4. Cyber-technology: The rapidly developing capabilities of cyberwarfare can undermine strategic stability. Catastrophe could ensue if a successful cyberattack on nuclear command and control could mimic a nuclear attack by an adversary, send a counterfeit order to launch a nuclear missile, or sever communications between a nation’s leader and the military during a nuclear crisis.

  5. Non-state actors: The global stock of weapons-usable material (roughly 1,800 tons of highly enriched uranium and plutonium), sufficient for more than 100,000 bombs, is a potent target for theft by non-state actors or terrorists.

Nonetheless, past progress and success in nuclear arms control demonstrates that this problem can be solved. The 1970 Nuclear Non-Proliferation Treaty provides a critical foundation for the control and elimination of nuclear weapons. Five nuclear weapon states (the US, Russia, UK, France, and China) are parties and have committed to “cessation of the nuclear arms race at an early date and to nuclear disarmament.” India, Pakistan, Israel, and North Korea are not members, but have all indicated in their own way that nuclear disarmament is possible in principle. The absence of meaningful progress towards nuclear disarmament, however, is threatening the durability of this critical treaty.

Meanwhile, the other 184 member states of the United Nations have forsworn nuclear weapons. Six multinational treaties have established regions of the globe, including the continents of Africa and South America, to be nuclear-weapon-free zones. The 2017 United Nations Treaty for the Prohibition of Nuclear Weapons commands the support of a large fraction of the world’s non-weapon states.

Physicists have played a powerful role in arms control. Early on they issued prescient warnings of the catastrophic harm to civilians and cities from nuclear explosions, the dangers of a nuclear arms race, and the genocidal potential of thermonuclear weapons. Later physicists informed opposition to the placement of nuclear-tipped defensive missiles near US cities in the 1970s and to the unfeasible Strategic Defense Initiative in the 1980s. They worked constructively to advance new ideas for arms control, dialogue and cooperative security to help end the Cold War.

Three decades on, the issue of nuclear arms has fallen off the radars of both the physics community and the broader public. The debate has fallen into the hands of vested interests and insiders. We believe, however, that if re-engaged, the physics community could again be an influential voice in informing the public, Congress, and other key stakeholders of the necessity and possibilities of nuclear risk reduction.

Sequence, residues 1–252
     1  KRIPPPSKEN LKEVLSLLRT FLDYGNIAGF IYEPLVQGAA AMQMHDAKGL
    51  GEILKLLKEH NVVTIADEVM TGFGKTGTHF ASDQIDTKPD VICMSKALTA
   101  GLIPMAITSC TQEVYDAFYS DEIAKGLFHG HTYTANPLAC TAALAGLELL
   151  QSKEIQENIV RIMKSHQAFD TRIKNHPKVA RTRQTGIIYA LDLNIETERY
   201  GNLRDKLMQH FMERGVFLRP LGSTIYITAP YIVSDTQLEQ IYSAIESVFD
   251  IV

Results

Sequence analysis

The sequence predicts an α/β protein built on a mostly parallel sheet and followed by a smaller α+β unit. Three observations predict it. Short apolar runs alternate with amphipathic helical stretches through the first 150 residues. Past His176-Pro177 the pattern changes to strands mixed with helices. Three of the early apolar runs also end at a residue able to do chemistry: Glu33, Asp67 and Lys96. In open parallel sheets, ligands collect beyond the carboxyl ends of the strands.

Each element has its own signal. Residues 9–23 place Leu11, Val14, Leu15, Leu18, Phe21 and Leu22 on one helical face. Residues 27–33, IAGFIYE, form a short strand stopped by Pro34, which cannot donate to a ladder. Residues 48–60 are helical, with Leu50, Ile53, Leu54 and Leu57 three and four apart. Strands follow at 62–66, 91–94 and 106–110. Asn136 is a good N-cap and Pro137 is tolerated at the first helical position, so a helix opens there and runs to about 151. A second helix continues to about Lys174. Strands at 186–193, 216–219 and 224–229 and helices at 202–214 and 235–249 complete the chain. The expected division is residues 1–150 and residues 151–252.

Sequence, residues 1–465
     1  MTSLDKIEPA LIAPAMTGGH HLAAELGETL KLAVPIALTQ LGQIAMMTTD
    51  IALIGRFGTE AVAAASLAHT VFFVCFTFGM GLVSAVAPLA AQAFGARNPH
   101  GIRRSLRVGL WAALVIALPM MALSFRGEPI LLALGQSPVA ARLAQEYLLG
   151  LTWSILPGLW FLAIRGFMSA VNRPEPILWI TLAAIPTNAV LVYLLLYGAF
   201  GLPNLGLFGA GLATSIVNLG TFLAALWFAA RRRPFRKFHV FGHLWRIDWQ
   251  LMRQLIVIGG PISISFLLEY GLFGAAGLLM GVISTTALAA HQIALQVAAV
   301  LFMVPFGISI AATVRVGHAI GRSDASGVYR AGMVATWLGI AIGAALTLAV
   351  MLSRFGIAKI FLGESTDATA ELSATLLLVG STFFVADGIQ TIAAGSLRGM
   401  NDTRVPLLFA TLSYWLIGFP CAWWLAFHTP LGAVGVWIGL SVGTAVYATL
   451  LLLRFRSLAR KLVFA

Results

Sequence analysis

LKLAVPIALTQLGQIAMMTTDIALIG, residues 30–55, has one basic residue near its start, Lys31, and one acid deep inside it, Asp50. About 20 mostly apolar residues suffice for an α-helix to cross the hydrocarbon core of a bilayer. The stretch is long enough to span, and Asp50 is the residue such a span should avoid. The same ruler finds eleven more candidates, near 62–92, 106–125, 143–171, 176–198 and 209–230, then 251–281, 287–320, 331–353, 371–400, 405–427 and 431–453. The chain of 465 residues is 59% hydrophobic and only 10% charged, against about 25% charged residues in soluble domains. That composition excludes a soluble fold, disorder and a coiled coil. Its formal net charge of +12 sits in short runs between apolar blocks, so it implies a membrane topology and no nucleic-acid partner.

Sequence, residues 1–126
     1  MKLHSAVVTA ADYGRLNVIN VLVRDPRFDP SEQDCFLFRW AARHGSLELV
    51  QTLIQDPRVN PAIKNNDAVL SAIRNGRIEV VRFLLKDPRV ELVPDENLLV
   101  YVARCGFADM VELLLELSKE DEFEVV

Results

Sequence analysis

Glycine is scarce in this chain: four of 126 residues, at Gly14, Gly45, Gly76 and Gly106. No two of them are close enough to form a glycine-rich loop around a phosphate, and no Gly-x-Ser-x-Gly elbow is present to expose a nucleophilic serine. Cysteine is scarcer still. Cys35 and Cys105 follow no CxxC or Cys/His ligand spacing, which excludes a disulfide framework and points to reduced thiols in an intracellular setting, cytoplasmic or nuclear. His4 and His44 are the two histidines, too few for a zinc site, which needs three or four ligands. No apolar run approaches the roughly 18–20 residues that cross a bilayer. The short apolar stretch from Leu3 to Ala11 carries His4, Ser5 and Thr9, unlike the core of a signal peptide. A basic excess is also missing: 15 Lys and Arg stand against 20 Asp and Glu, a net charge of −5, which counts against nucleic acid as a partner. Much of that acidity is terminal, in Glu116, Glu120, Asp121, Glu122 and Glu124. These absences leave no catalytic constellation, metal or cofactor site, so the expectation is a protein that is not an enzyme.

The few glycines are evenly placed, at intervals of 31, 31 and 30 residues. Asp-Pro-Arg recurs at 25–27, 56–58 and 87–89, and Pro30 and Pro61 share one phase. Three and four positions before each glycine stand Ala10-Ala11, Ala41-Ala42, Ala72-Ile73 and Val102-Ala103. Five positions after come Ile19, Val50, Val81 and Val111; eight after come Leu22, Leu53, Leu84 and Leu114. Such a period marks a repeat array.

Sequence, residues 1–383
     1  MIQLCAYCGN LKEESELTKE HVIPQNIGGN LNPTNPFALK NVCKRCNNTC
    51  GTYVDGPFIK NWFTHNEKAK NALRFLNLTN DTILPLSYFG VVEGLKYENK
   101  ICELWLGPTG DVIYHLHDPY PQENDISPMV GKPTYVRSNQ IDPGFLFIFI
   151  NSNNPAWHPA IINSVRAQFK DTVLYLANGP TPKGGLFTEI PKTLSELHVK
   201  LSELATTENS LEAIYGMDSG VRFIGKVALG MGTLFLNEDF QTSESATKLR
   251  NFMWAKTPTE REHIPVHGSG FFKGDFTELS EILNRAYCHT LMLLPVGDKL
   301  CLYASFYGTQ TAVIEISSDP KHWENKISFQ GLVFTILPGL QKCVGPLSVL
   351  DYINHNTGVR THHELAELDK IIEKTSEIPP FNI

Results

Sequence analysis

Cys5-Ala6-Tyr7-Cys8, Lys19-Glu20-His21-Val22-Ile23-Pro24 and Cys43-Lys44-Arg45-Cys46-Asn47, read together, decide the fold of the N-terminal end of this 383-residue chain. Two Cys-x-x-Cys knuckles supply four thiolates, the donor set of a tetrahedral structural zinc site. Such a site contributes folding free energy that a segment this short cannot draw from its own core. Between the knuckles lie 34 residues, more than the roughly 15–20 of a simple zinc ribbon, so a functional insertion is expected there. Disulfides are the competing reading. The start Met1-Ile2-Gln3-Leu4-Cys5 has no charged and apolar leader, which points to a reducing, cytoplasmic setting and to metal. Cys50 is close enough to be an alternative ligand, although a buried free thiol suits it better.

For this purpose, we have joined with other concerned physicists from a handful of universities and other organizations across the country to build a Physicists Coalition for Nuclear Threat Reduction (physicistscoalition.org). The goal of this project over the next two years is to establish a network of citizen-scientists committed to understanding and advocating for nuclear threat reduction. The Coalition welcomes all physical scientists, including those working within engineering science.

The Coalition is supported by the APS and the Carnegie Corporation, is partnered with the APS Office of Government Affairs, and is managed through Princeton University’s Program on Science and Global Security.

We plan to inform US physicists on nuclear threats and possible threat-reduction measures, recruit interested scientists into the coalition, and help them connect to the public debate and policy process. As a first step, experts on nuclear arms issues will carry the messages directly to physicists in universities, at professional meetings and conferences, in national laboratories, and in industry. Institutions interested in arranging for a colloquium speaker on nuclear arms issues can do so at physicistscoalition.org.

For those physicists who are interested in becoming active, we will facilitate their efforts to educate members of Congress and others on nuclear policy issues. There are numerous policies the United States can implement to reduce nuclear-weapon risks and which could be possible foci of advocacy by the Coalition. These include extending the New START Treaty, adopting a sole-purpose or no-first-use posture, abandoning the launch-on-warning option and the destabilizing silo-based ballistic leg of the triad, and re-establishing limits on missile defense systems. Unlike the battle against a pandemic or climate change, the threat of nuclear weapons is not a fight with nature. All that is required is societal education and will. Physicists can be a powerful force to help build the former and instill the latter. During this critical time, we should seize the opportunity.

The authors are among the founding members of the Physicists Coalition for Nuclear Threat Reduction. Stewart Prager, Alex Glaser, Zia Mian, Sébastien Philippe, and Frank von Hippel are at Princeton University. Steve Fetter is at the University of Maryland.

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Editor: David Voss
Staff Science Writer: Leah Poffenberger
Contributing Correspondent: Alaina G. Levine
Publication Designer and Production: Nancy Bennett-Karasik

July/August 2020 (Volume 29, Number 7)

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APS Responds to COVID-19: Activities to Assist Graduate Students
APS Responds to White House Proclamation on Visas
From Passion to Action: Levers & Tools for Making Physics Inclusive & Equitable
Outsmarting Disease with Smart Therapeutics
The Division of Fluid Dynamics